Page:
But when the addicts begins to get their shit together, which in itself demands a certain measure of respect, the entire dynamic of the previous relationship is now turned on its ear. Some people find this disorienting and uncomfortable and prefer the old way where they were clearly the superior one.

This is even more pronounced with close family members who were in a symbiotic enabling type of relationship to one degree or another.

That’s one of the main reasons that people new in recovery are encouraged to frequently attend support meetings. They usually aren’t getting much support from those who were comfortable relating to them as an addict but now have difficulty relating to them as an equal. It’s an interesting dynamic.

crankywithakeyboard's avatar

I married one so I don’t have a particular problem with it.

His family still doesn’t see him as a reliable, competent adult despite all the evidence to the contrary. It’s been 14 years since he got sober.

At the time his company was very kind, giving him time off for rehab and welcoming him back with open arms.

Neizvestnaya's avatar

Wow, sure beats the hell out of, “what happened to the old so-and so? We need that guy back.”

Buttonstc's avatar

I think that the owners and/or management have a clear profit motive for providing rehab and retaining him.

This is different from co-workers who may perceive a threat to their little fiefdoms and are more comfortable having someone to look down upon.

Owners and management are fully aware of the time and money saved in retaining an employee as opposed to rehiring and training their replacement and the time it takes to bring them up to speed.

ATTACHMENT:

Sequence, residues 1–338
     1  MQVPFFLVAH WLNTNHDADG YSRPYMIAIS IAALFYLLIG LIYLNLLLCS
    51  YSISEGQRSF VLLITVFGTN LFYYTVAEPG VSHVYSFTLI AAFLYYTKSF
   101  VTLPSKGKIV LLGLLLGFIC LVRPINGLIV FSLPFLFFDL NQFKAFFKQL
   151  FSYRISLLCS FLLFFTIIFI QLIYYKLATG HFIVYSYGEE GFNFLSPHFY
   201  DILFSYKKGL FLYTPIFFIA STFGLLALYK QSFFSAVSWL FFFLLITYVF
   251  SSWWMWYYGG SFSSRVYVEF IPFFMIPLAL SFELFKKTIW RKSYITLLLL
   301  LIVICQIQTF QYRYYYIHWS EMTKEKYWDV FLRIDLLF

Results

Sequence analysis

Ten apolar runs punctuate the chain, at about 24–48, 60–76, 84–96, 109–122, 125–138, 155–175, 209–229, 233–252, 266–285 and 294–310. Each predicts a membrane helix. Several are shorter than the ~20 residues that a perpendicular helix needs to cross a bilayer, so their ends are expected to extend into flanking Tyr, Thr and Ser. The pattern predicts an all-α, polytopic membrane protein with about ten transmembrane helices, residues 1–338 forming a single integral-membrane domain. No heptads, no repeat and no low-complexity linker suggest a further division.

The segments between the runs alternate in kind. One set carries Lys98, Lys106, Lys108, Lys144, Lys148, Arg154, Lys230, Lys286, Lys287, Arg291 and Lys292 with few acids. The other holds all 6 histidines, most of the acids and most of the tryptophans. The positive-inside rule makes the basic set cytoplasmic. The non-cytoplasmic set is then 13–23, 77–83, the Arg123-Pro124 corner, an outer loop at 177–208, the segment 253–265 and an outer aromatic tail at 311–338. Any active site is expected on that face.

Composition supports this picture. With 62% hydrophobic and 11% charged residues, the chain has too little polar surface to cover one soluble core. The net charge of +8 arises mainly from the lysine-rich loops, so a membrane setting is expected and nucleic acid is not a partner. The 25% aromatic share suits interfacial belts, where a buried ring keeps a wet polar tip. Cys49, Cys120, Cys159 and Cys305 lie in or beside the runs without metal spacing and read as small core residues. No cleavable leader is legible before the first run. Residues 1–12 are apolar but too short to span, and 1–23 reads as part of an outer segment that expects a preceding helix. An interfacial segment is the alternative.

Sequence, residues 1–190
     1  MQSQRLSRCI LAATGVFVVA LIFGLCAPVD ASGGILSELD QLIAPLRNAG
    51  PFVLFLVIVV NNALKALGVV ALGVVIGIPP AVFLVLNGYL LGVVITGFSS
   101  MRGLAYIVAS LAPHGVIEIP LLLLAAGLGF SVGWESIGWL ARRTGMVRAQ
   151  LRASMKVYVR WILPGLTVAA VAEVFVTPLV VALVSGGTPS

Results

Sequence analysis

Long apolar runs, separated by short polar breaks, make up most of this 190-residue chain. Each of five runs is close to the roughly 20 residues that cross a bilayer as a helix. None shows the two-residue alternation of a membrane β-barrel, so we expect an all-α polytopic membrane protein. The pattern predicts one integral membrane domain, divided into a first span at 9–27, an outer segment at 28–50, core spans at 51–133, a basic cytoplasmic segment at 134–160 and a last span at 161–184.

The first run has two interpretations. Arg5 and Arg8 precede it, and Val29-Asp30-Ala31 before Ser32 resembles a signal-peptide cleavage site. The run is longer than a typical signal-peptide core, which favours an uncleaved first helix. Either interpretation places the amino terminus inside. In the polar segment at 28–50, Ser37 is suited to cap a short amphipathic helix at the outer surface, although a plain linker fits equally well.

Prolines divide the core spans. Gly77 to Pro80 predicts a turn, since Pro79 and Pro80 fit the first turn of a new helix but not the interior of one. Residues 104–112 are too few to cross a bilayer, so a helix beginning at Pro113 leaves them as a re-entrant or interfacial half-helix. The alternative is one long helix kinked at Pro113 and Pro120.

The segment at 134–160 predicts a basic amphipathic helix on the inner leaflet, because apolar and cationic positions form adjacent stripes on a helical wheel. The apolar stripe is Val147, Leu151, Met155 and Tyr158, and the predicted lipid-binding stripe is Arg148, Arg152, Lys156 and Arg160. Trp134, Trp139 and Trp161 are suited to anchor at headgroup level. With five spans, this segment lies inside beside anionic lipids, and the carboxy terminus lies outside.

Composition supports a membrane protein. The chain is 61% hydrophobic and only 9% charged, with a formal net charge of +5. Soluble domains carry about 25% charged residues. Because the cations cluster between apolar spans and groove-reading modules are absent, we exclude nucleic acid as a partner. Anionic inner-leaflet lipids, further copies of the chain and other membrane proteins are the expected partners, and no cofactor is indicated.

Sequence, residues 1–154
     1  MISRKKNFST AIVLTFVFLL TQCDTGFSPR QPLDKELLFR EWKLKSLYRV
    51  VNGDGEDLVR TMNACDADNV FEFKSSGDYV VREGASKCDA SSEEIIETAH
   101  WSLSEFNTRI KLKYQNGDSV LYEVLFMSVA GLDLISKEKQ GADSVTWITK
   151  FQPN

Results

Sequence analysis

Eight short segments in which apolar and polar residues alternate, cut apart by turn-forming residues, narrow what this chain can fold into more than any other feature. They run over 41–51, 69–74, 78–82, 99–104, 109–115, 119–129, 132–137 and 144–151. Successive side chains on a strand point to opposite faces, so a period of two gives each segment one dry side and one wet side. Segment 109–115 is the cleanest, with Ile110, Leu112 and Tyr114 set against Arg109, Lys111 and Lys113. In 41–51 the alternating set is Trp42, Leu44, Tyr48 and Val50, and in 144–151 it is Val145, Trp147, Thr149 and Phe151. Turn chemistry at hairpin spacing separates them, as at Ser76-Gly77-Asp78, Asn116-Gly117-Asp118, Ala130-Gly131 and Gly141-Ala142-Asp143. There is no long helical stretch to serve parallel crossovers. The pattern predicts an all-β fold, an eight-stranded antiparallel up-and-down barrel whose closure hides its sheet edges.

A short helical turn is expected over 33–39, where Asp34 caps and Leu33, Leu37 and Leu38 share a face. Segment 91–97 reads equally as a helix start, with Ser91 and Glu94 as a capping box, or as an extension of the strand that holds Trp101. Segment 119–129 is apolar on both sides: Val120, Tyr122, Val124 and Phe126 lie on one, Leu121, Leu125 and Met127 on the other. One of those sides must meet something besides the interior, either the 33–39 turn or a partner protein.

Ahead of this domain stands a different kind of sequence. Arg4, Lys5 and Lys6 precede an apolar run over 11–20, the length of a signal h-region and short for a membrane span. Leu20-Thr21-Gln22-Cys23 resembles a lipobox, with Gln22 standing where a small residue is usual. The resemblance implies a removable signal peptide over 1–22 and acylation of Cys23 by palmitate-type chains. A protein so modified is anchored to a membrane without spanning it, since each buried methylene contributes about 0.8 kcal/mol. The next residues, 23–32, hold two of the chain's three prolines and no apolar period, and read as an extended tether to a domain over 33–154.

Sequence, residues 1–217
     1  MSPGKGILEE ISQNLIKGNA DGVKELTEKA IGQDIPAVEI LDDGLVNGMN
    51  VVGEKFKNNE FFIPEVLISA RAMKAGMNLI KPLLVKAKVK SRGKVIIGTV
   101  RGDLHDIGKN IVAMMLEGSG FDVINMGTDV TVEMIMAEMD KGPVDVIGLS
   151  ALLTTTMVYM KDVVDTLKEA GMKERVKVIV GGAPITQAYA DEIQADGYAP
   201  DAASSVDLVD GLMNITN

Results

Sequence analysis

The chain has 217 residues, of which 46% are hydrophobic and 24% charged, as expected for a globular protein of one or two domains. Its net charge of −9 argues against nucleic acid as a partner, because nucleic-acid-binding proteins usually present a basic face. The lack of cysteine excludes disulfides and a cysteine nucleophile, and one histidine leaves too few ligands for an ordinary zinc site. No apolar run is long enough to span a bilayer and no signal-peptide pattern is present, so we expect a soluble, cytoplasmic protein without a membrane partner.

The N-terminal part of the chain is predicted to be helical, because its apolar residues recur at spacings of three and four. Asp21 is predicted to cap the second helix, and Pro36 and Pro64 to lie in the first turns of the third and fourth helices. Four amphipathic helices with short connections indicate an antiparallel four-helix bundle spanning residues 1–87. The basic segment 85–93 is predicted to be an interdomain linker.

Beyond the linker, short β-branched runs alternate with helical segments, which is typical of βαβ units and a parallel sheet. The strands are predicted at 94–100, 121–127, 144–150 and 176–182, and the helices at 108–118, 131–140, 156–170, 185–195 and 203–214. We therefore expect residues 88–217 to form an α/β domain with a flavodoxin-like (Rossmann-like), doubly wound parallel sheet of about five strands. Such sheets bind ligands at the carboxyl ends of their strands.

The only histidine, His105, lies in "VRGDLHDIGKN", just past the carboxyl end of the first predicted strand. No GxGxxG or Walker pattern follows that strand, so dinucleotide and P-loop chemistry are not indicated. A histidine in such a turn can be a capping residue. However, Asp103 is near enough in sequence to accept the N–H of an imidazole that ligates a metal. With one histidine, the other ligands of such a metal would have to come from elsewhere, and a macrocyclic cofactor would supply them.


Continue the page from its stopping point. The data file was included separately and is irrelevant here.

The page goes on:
Retention (if possible) is almost always preferable to starting over from scratch.

But co-workers have no such incentives and (subconsciously, of course) just view him as another potential competitor for their slot in the rat race.

lillycoyote's avatar

I guess some people do, must suck that bad to say those sorts of things to someone who has beaten some sort of addiction. I remember when I started up smoking again after I had quit for over a year, I went outside a work to have a smoke and my boss was out there and she said something like “Welcome back.” I thought that was kind of sick. She could have said, “too bad” or something. It certainly wasn’t a good thing that I started smoking again. But that comment was from another addict.

Neizvestnaya's avatar

Thanks jelly buddies! My addict friend has since moved on to another company and his confidence and success seems to be returning as well as him reporting the feeling of less stress. I hadn’t thought too deeply on it before because it had never touched me personally but it’s too bad companies don’t invest a little more in terms of moral support at least their past good earners. I don’t think there’s any kind of training for this like there is for “sensitivity training” but it might be a good idea. My friend was a six figure earner for a number of years and made good money for his team until he hit a glitch when he changed his behaviors but now seems back on the path… for a competitor.